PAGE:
• You may mistake luck for skill. Beginner’s luck isn’t limited to card games, nor is it limited to beginners. Sometimes new business comes flooding in for coincidental reasons. Without tracking the source of the business, there’s a risk of overlooking the coincidence, focusing on the results, and reducing activity. The consequence? A drop in business when luck dries up and skill has not taken its place.

Many lawyers believe that having a sense of how new business comes to them is good enough. And for a handful of lawyers, that may be true. In most cases, though, an informal, memory-based, qualitative system for tracking results is not dependable.

Memories fade and may be inaccurate. Just as mental tracking is unreliable for balancing a checkbook, it is insufficient for making decisions about business development activity. Every lawyer must have a client intake routine that includes determining how that client became aware of you and your practice.

Remember this insight from business performance improvement expert Dr. H. James Harrington:

Measurement is the first step that leads to control and eventually to improvement. If you can’t measure something, you can’t understand it. If you can’t understand it, you can’t control it. If you can’t control it, you can’t improve it.

If you aren’t tracking the sources of your business, start today. Here’s how: 

  • When a potential client contacts you, make sure you or your staff asks how she found you. When getting this information becomes habit, you’ll start to build useful data.

  • Incorporate questions about how the client came to contact you or your firm into your client intake form. You may find that you get clearer results if you offer check boxes for the activities you’re engaged in (speaking, a blog, or referral, for example) rather than leaving a blank for the client to complete.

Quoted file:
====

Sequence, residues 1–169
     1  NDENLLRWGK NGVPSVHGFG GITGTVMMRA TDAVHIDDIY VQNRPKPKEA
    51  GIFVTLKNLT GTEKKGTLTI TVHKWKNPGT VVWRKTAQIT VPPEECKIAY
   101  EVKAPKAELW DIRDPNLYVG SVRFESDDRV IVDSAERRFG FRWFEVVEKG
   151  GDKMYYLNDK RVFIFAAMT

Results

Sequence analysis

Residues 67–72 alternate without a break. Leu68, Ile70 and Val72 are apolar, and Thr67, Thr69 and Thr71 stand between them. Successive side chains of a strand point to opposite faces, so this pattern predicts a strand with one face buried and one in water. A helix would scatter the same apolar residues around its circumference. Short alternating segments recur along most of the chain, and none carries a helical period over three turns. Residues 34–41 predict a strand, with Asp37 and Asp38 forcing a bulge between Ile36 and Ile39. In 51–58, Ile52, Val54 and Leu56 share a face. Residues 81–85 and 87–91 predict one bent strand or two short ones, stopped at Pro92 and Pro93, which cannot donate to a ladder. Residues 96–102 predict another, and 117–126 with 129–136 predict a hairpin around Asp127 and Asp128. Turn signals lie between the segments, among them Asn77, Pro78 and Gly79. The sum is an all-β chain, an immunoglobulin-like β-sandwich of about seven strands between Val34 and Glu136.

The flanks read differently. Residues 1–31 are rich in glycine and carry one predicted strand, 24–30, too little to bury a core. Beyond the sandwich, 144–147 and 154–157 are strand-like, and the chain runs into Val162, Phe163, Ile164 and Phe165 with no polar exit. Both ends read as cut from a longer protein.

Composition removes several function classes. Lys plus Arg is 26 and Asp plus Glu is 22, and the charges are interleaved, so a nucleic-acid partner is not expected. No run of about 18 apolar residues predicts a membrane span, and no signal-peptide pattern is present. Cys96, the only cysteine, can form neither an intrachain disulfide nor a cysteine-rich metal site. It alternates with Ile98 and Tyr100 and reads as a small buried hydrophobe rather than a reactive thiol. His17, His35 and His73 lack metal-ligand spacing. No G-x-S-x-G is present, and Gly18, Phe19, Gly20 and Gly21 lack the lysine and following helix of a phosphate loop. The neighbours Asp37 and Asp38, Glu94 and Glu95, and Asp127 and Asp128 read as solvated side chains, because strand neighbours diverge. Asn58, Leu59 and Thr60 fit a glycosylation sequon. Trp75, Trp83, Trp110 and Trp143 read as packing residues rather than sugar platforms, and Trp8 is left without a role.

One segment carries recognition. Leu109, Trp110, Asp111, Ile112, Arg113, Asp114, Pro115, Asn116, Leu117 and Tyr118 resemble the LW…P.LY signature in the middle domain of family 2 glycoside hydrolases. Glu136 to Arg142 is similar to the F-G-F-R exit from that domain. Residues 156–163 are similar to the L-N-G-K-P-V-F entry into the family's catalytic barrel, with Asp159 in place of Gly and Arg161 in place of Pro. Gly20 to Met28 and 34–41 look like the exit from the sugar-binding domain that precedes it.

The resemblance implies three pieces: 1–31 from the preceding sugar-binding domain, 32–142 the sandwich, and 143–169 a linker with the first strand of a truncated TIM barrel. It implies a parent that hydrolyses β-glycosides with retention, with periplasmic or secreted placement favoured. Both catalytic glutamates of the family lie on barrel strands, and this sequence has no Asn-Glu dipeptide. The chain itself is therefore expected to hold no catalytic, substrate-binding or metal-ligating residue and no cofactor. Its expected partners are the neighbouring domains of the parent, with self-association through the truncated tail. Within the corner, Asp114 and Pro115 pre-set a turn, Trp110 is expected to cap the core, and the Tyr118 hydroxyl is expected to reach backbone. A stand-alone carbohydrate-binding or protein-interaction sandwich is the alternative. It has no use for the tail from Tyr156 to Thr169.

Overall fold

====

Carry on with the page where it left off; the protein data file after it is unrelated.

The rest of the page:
• If you are working in a larger firm that does not use intake forms, consider creating your own form. Request sourcing information as well as information about how and when a client wants to be contacted, who else should be kept apprised of the matter’s progress, and other information that will help you to deliver better client service.

Recognize too that your data probably will not be 100% accurate. Depending on your practice area, some clients may not know how they found you, and some may be unwilling to tell you. Nevertheless, any information you get will be more useful than a baseless guess.

What records will you keep to track the sources of your new business?

Productivity thrives in a clear mind

Have you ever had one of those nights, when you doze off only to be jolted awake with worry about something you need to do? Or caught yourself thinking “as soon as I get back to the office, I’ll send that email to the client,” only to realize hours later that you didn’t do it?

When you have a lot going on, things tend to get dropped or otherwise fouled up. Especially if you’re worried about something or you’re facing a difficult decision, your thoughts may be agitated by the “noise” of life. To-do items blend with ideas and interruptions into one big fog of mental chaos.

One recent example from: I was preparing for a major client meeting in between meeting with my mother’s doctors and hospice aides. On the way home, I stopped the grocery store.  By some miracle, I had a list of the items I needed to buy.  But I was so distracted that I returned to my car to find the keys in the ignition and the car engine running!  Just today, I passed by an empty car parked in a garage with the engine running, and I wondered what stress caused the driver to make that mistake.

Maybe you’ve never left a car running, but almost everyone has a story of errors, omissions, and just plain dumb moves that come from an overfull brain. An oldie-but-goodie post by Zen Habits titled 15 Can’t-Miss Ways to Declutter Your Mind can help you get clarity and focus so you can get things done.  The tactics (with clarification available in the Zen Habits post):

  1. Breathe
  2. Write it down.
  3. Identify the essential.
  4. Eliminate
  5. Journal
  6. Rethink your sleep.
  7. Take a walk.
  8. Watch less TV.